I feel oddly protective of Wheat Chex.
First because it's one of only two cold breakfast cereals I still eat, the other being Shredded Wheat
Second, because Wheat Chex seems imperiled. It can be hard to find, while Shredded Wheat is everywhere. secure. Shredded Wheat is like Cheerios — popular enough to be here forever.
But Wheat Chex ... it's the red-headed step-child of the Chex family of cereals. There's always Rice and Corn and all the new varieties, Cinnamon and Chocolate and whatever, and you wonder whether they just ran out of Wheat Chex, or can't be bothered stocking it just for me.
So when I was at a run to Sunset Foods -- trembling in the shadow of Mariano's but still managing to hold on — I paused in front of this graphic shift. The new box is on the left, if it isn't clear. That's a good sign. They wouldn't redesign the box, then drop the product.
Since not too long ago we were mourning the change in the Celestial Seasonings box, I feel obligated to point out that the Wheat Chex redesign is a big improvement. It's cleaner. The typeface on the "Wheat Chex" is friendlier, and the see-through "X" a nice touch.
|Yes, that's Elizabeth Taylor|
I probably shouldn't be eating Chex at all—the stuff is fattening as hell. A modest bowl will set you back 42o calories, with the milk, and because its mostly carbohydrates it'll leave you hungry at mid-morning. You're far better off with a grapefruit and yogurt.
But having given up bourbon, I'll be damned if I'll surrender Wheat Chex too. Someone has to keep the faith. Breakfast cereals are on the decline, and have been for years. Sales fell 25 percent between 2000 and 2015—still at $10 billion, but shrinking. Reasons abound. One survey said 40 percent of Millennials described breakfast cereals as "too difficult to eat," which is just sad. They're referring to the clean-up, not the pouring milk part. But still.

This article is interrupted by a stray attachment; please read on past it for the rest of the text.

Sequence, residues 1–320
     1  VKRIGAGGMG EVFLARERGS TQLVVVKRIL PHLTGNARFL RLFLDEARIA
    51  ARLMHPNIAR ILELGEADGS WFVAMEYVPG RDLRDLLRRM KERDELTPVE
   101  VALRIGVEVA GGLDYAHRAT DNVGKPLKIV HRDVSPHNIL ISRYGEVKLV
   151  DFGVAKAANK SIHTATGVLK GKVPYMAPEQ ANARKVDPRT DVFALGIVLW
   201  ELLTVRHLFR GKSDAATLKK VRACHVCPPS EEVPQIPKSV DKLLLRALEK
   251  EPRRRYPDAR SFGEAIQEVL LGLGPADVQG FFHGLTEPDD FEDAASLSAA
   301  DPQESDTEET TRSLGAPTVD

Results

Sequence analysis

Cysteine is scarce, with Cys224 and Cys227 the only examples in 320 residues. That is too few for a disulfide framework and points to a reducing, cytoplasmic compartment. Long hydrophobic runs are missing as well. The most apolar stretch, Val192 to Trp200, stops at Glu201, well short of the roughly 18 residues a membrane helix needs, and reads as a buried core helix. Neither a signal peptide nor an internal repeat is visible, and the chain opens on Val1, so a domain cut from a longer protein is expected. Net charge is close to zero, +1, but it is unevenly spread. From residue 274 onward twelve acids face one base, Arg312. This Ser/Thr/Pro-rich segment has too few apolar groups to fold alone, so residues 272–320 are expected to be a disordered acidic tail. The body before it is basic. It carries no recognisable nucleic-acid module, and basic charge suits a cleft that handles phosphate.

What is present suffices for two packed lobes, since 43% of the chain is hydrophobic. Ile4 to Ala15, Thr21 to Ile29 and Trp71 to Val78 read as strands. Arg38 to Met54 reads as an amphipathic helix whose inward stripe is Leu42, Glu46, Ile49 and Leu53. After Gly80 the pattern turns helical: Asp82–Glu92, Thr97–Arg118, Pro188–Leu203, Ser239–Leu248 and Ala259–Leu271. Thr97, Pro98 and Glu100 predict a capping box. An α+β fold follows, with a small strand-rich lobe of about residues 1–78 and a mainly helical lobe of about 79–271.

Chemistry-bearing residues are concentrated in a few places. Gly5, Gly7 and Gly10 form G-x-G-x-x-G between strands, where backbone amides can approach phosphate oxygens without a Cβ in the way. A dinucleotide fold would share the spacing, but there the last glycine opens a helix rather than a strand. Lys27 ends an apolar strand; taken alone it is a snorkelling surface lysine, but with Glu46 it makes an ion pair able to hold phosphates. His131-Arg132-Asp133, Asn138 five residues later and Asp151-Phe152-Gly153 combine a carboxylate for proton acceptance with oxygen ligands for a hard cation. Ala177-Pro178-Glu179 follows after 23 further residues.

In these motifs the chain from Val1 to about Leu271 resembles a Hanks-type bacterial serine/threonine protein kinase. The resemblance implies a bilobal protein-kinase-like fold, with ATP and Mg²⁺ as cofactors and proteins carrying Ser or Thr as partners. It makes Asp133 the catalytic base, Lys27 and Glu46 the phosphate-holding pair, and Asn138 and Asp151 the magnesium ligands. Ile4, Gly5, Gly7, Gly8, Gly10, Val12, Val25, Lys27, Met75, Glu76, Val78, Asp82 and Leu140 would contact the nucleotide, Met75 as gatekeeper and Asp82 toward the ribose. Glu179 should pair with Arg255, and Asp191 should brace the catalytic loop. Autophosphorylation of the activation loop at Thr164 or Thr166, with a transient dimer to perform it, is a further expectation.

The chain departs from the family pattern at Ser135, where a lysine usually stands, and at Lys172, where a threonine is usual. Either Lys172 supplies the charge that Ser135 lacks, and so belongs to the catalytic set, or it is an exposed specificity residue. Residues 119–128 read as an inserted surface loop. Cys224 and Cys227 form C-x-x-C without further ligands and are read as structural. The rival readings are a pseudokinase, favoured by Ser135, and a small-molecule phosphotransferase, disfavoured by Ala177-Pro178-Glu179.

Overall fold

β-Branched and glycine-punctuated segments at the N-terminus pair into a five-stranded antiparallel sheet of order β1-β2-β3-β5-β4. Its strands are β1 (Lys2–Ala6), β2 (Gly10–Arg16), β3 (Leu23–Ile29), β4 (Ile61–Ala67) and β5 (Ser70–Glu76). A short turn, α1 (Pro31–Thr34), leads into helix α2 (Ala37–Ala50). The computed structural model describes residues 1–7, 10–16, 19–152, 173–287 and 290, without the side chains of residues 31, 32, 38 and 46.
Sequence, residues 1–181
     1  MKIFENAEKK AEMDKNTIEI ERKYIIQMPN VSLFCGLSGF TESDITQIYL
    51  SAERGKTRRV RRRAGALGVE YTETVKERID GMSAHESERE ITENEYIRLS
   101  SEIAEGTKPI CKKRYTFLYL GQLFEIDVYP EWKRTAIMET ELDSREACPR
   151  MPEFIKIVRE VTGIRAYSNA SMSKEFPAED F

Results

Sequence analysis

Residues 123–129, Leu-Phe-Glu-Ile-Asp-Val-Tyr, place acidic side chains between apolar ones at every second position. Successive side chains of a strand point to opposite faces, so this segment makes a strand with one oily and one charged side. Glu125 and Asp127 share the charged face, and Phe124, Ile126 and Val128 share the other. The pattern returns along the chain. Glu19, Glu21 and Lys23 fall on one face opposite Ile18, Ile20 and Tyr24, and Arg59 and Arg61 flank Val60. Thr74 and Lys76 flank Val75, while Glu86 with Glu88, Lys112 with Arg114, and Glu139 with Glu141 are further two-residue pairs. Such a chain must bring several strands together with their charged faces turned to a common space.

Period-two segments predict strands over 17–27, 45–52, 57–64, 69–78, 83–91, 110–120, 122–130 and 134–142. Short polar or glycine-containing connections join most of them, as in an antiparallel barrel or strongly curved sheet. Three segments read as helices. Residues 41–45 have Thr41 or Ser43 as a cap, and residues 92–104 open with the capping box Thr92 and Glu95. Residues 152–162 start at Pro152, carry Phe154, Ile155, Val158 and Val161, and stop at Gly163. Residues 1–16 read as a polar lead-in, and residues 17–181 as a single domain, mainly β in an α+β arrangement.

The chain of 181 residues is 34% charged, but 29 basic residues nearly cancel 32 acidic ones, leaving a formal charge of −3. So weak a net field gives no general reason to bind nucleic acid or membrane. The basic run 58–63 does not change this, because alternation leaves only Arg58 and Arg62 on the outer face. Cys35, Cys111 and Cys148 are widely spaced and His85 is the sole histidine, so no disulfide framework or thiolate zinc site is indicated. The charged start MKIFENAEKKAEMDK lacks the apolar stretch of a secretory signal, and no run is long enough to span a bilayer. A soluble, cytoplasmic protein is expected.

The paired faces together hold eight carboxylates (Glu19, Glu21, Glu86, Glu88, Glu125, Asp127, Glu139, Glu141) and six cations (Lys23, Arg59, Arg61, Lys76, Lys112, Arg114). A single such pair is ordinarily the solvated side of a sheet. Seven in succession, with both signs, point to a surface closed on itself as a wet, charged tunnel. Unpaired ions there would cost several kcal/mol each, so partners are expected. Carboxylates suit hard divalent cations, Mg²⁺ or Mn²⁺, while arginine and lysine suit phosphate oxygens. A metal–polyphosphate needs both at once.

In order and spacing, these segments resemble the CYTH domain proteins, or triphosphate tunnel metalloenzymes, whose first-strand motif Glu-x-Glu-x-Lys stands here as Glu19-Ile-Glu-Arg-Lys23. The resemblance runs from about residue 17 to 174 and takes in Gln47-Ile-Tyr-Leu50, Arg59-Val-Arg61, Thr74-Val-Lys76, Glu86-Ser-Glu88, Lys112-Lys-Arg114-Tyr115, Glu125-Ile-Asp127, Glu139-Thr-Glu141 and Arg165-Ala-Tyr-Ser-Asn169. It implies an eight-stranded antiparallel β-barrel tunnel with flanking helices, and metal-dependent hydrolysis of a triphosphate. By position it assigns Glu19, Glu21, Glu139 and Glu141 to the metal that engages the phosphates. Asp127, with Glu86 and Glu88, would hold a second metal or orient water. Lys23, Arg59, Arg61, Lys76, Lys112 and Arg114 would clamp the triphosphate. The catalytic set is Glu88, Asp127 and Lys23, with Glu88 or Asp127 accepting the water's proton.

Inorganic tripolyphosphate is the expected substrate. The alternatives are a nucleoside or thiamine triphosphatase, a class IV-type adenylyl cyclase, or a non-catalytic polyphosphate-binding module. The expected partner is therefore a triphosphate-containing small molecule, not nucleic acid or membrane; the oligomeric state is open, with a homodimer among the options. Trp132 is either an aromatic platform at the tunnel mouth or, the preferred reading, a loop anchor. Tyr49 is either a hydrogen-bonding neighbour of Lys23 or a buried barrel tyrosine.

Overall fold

|1952 ad -- Wheat Chex phasing out the old name.|
Ralston always struggled to produce a product that an increasingly important breakfast cereal demographic—children—would eat. It overcame that Hot Ralston was "steaming paste ... that children hated" by hiring Tom Mix, cowboy star, to be its mascot (his image, anyway. The actual Mix, a squeaky-voiced alcoholic, was kept out-of-sight).
Rice Chex was introduced in 1950, about the time the name "Wheat Chex" was introduced. Back then, the Wheat Chex squares weren't the careful geometric grids we see today, but puffier and more jumbled, closely resembling a Shredded Wheat biscuit.
|Space Patrol's Ed Kemmer finds them "tops for taste" in 1953.|
By 1955, Ralston Purina was trying reverse psychology. "Children," an odd character dubbed Prof. Checkerboard warned. "Wheat Chex are only for adults. Don't eat Chex." Another commercial featured a man eating it at a fancy Victorian table complete with candelabra, announcing it was the "grown-up cereal from Checkerboard Square" (a Checkerboard is the Ralston Purina logo).
They kept that tack for years, edging back and forth between sincere appeals to adults and sideways pitches to kids, all the while recognizing that lots of people just didn't like the stuff ("People who don't like Chex cereals haven't tried Chex cereals," a 1976 commercial claimed, suggesting that opposition to the taste was merely notional).
Corn Chex showed up in 1958. In more recent years, there have been the typical palette of failed flavors-- Vanilla Chex, Honey Graham Chex. Sugar Chex. I never ate those—well, I remember giving Bran Chex a try (bleh) and Raisin Chex (not bad).
Anyway, too much about Chex. But we can't fret over the candidacy of Donald Trump every single day, can we?